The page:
A Message from the AACR
This is an uncertain time for everyone around the world, including those of us working in the field of cancer science and medicine and the patients and families who rely on us. There has been remarkable progress against cancer over the past few decades; in the United States overall cancer incidence and death rates are declining steadily and the number of children and adults who are surviving longer after a cancer diagnosis has been increasing. However, our ability to continue the current pace of progress is in jeopardy because of the enormous global public health challenge posed by the Coronavirus Disease 2019 (COVID-19) pandemic.
The AACR Cancer Progress Report 2020 provides a comprehensive overview of the breakthroughs in cancer care that are being made because of medical research, much of which is supported by federal investments in the National Institutes of Health (NIH). As highlighted in the report, bipartisan leadership in Congress that has delivered five consecutive years of robust annual funding increases for the NIH has sparked a new wave of scientific discovery and technological innovation. This has increased our basic scientific understanding of the complexities of cancer and accelerated the rate at which this knowledge is being harnessed to develop new and better approaches to preventing, detecting, diagnosing, treating, and curing cancer.
In the past year, we have brought a record number of scientific advances to patients with cancer in the form of new treatments for their particular diseases. Among the 20 new treatments that were approved by the U.S. Food and Drug Administration (FDA) in the 12 months covered in this report are 16 molecularly targeted therapeutics that are part of the precision medicine revolution in cancer care. The surge in the number of molecularly targeted therapeutics is being fueled by discoveries in the field of cancer genomics wrought by multidisciplinary teams of researchers. One caveat is that thus far, most cancer genomics data come from individuals of Western European ancestry. To ensure that precision medicine benefits every cancer patient, including individuals from racial and ethnic minorities and other underserved populations, it is imperative that we increase our knowledge of cancer genomics in these populations. Many of the steps needed to enhance diversity in cancer science and medicine, including in cancer genomics, are described in the inaugural AACR Cancer Disparities Progress Report, which was unveiled at a congressional briefing on September 16, 2020.
The rapid expansion in the use of checkpoint inhibitors, which are immunotherapeutics that work by releasing the brakes on natural cancer-fighting immune cells called T cells, is continuing unabated. Five of these transformative therapeutics were approved in the past 12 months for treating additional types of cancer, and one was approved for treating cancer based solely on the presence of a specific genetic biomarker rather than the site of origin. Facilitating the convergence of expertise from an increasingly diverse array of disciplines, such as mathematics, physics, chemistry, engineering, and computer science, will allow us to make even more pioneering advances in immunotherapy, providing new hope for many more patients with cancer.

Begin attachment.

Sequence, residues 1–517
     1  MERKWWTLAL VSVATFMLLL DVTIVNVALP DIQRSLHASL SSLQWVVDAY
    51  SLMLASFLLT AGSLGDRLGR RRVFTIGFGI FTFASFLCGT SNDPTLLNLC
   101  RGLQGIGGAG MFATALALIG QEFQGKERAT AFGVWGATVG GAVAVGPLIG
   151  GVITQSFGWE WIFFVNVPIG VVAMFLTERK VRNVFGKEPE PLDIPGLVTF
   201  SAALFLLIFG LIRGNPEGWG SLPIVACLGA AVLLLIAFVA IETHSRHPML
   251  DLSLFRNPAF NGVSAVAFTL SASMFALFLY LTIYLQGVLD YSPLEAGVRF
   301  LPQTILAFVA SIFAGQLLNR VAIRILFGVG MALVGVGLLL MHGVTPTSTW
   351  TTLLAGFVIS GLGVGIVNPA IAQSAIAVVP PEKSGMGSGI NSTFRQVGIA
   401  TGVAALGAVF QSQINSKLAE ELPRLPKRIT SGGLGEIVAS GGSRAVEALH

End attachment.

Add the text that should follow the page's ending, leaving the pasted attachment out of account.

Despite the significant progress we are making against cancer, there is a vital need for continued transformative research. This urgency is underscored by the sobering reality that cancer will claim more than one life every minute of every day in the United States this year. This number is predicted to grow considerably in the coming decades largely because of overall population growth and because of growth of the segment of the U.S. population age 65 and older—the population most at risk for cancer.
At the start of 2020, we were in a strong position to make major strides toward the goal of preventing and curing all types of cancer. Unfortunately, the global health crisis caused by the COVID-19 pandemic has impeded the positive momentum against cancer. There is grave concern that the delays in cancer screening, diagnosis, and treatment caused by the pandemic will have significant negative effects on outcomes for patients. There is particularly high concern for racial and ethnic minorities and other underserved populations because these groups already experience cancer health disparities and are now shouldering a disproportionate burden of COVID-19. Racial and ethnic disparities in COVID-19 as well as the recently witnessed inhumanities against people of color have refocused the nation’s attention on stark inequities in health care, and it is critical for everyone to play a role in eradicating the social injustices that are barriers to health equity.
The COVID-19 pandemic has created many challenges for cancer research, with laboratories shuttered temporarily or refocused to work on COVID-19-related projects. While it is imperative that cancer researchers contribute their unique expertise to combat the unprecedented global pandemic, we must not forget that there are many patients with cancer who are urgently awaiting more effective treatment options.
Ensuring that medical research remains a priority for our nation’s policy makers is absolutely essential if we are to maintain the momentum against cancer, fuel the economy, and help the United States to retain its important position as the global leader in medical research. Therefore, the AACR urges Congress to continue to support annual funding increases that are robust, sustained, and predictable for the NIH, NCI, FDA, and CDC. These actions will keep us on the path of making lifesaving progress for patients with cancer around the world.